“It took a little extra training when I got there. Everything we worked on was micromachining and making really small parts. Every little thing I did mattered,” he says. “I would make 100 parts, replace the drill and make another 100. If the drill would pop or explode, I would fix it or replace it.”

Samuel was with Integer for around seven months before transitioning to a job at Caterpillar as a machinist. In his current role, he’s working with manual machines. These include mills, lathes and grinders, which he became familiar with during the manual machining courses in NASCAR Tech’s CNC program.

“I went to making these tiny parts (at Integer) to parts the size of my dining room,” he says, laughing. “I have a lot more of a variety of work where I’m at now. There’s transmission, hydraulic and engine parts. Instead of running the same thing over and over when I go in, it’s something different.”

The big mills are his favorite to work on, and he says he’s learning a whole lot in his current role. “The classes (at NASCAR Tech) helped. Of course, I’m learning new things, but when it comes to the basics, I have a good foundation.”

When it comes to future goals for his career, Samuel could decide to pursue a supervisor role at Caterpillar. “I do plan on being here for a while,” he says. “The goal is to make it to the top of my bracket and reach top performance and pay.6 It’s an eight- to 10-year commitment usually.”

If that seems like a long time, consider that Samuel has found a place where people tend to stay because of opportunities there. “There’s a lot of people who have been at my shop for a long time. Some people have been here for 30 years,” he says.

Why Choose CNC?

As far as advice for someone who is interested in working in the CNC machining industry, Samuel says to remember it’s OK to mess up. “It’ll happen at school. It’ll happen at work. Things might break or crash. It’s the one thing I had to get over. You just tell someone and move on,” he says.

Samuel finds that there are a lot of great perks during his day-to-day working as a machinist.

“The hands-on component is great, and the brain work as well. You’re always going to be thinking or doing something on paper with math. If you want to stay busy during your workday, it’s the field to do it in. You’re able to pass the time,” he says.

“It’s not hard on your body and it’s enjoyable. The pay is good, the benefits are good and the hours are good,” he adds. “It’s great if you have an interest in manufacturing, how things are made/repaired and want to have the satisfaction of seeing a product go from start to finish.”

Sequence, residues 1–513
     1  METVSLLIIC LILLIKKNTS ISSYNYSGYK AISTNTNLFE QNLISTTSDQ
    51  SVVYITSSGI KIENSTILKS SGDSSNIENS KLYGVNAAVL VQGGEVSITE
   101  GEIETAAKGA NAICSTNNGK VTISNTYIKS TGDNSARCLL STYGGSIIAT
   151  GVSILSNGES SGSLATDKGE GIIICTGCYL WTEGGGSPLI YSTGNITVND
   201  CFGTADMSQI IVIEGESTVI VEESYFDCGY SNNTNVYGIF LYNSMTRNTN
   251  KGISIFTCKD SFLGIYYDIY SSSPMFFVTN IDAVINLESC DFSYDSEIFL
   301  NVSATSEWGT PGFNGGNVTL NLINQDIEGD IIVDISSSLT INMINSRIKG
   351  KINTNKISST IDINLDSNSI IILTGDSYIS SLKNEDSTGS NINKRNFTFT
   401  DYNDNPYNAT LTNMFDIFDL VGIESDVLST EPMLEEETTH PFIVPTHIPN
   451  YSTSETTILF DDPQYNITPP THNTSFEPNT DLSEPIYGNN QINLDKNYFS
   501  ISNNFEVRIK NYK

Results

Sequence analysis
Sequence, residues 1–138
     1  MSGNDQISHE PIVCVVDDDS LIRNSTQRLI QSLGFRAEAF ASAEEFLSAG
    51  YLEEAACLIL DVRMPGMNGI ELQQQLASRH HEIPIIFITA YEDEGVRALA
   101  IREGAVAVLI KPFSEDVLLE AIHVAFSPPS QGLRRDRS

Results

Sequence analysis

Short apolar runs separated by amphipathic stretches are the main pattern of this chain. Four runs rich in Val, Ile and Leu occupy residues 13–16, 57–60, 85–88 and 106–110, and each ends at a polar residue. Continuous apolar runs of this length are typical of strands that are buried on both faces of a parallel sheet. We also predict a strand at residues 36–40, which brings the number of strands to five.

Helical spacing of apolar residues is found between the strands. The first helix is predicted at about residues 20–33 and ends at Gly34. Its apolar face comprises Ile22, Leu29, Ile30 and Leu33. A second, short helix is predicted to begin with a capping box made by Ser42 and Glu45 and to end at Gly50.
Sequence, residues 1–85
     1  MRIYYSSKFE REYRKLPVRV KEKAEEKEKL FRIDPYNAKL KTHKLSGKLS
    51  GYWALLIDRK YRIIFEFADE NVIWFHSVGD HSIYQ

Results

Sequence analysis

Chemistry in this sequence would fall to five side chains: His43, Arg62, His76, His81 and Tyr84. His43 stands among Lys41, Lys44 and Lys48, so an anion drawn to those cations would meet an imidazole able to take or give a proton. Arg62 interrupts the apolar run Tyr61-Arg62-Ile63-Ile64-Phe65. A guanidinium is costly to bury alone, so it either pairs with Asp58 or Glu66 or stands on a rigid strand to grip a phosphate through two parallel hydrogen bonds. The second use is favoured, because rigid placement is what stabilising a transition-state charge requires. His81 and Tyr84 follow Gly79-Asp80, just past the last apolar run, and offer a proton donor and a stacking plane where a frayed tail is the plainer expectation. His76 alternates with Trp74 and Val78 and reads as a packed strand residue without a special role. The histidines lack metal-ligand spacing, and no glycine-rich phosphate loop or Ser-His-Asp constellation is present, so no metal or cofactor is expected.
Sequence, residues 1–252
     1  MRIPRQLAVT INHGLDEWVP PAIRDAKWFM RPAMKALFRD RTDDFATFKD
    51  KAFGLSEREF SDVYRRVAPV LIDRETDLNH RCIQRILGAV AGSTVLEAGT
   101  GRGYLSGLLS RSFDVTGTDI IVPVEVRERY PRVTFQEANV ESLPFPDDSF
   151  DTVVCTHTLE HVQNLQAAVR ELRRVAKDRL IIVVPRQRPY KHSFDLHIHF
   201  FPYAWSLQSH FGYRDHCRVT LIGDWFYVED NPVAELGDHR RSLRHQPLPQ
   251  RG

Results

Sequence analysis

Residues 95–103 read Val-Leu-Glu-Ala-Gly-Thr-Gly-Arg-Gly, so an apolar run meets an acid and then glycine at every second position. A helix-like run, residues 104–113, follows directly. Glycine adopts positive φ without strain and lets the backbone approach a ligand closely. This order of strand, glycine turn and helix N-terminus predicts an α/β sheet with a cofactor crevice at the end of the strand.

Enroll in NASCAR Tech’s CNC program!

NASCAR Tech is celebrating its 20th anniversary this year, and there’s no better time to enroll in the CNC Machining Technology program. In as little as 36 weeks, you can get the hands-on experience needed to pursue a career in the industry, just like Samuel!

Want to find out more? Request more information from an Admissions Representative today.

With classes starting every 3-6 weeks, no need to wait to start your career.
Hands-on training. Get hands on experience with the industry's leading brands.
No Pressure to commit. Get answers to your questions without any obligations.
Request More Info Or Call Now 800.834.7308

1) NASCAR Technical Institute is an educational institution and cannot guarantee employment or salary.

2) For program outcome information and other disclosures, visit

6) UTI graduates’ achievements may vary. Individual circumstances and wages depend on personal credentials and economic factors. Work experience, industry certifications, the location of the employer and their compensation programs affect wages. UTI is an educational institution and cannot guarantee employment or salary.

Universal Technical Institute of Illinois, Inc. is approved by the Division of Private Business and Vocational Schools of the Illinois Board of Higher Education.


Take 60 seconds and find out how you can get trained.

Step of
What kind of training are you interested in? Required
Change program to see other campuses.
First Name Required
Last Name Required
Date of Birth Required
Zip Required
Phone Number Required
Email Required